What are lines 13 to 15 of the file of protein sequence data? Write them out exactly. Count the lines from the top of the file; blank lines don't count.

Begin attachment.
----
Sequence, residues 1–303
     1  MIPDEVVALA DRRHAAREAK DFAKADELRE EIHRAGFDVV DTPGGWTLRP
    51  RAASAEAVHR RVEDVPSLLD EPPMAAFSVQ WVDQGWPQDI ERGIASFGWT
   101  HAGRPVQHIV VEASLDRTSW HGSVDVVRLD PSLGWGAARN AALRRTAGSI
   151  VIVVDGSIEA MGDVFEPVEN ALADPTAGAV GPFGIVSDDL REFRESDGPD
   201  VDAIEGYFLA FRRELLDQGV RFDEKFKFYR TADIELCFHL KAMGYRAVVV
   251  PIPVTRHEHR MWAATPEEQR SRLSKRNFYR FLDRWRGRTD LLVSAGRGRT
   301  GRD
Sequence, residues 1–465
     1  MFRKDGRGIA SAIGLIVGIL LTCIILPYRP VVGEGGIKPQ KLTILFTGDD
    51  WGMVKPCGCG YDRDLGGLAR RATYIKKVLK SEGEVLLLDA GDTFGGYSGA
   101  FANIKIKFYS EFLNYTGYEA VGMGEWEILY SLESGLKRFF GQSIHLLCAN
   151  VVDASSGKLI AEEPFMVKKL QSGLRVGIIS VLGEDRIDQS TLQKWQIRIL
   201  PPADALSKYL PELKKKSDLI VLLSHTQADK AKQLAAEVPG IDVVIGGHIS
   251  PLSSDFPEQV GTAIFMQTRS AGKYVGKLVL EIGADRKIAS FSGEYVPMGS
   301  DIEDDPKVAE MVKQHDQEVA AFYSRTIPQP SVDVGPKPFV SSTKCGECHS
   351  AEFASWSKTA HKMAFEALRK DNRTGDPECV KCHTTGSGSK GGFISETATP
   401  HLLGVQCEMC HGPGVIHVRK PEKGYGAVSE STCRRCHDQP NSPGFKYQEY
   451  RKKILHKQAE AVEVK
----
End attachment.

   151  VVDASSGKLI AEEPFMVKKL QSGLRVGIIS VLGEDRIDQS TLQKWQIRIL
   201  PPADALSKYL PELKKKSDLI VLLSHTQADK AKQLAAEVPG IDVVIGGHIS
   251  PLSSDFPEQV GTAIFMQTRS AGKYVGKLVL EIGADRKIAS FSGEYVPMGS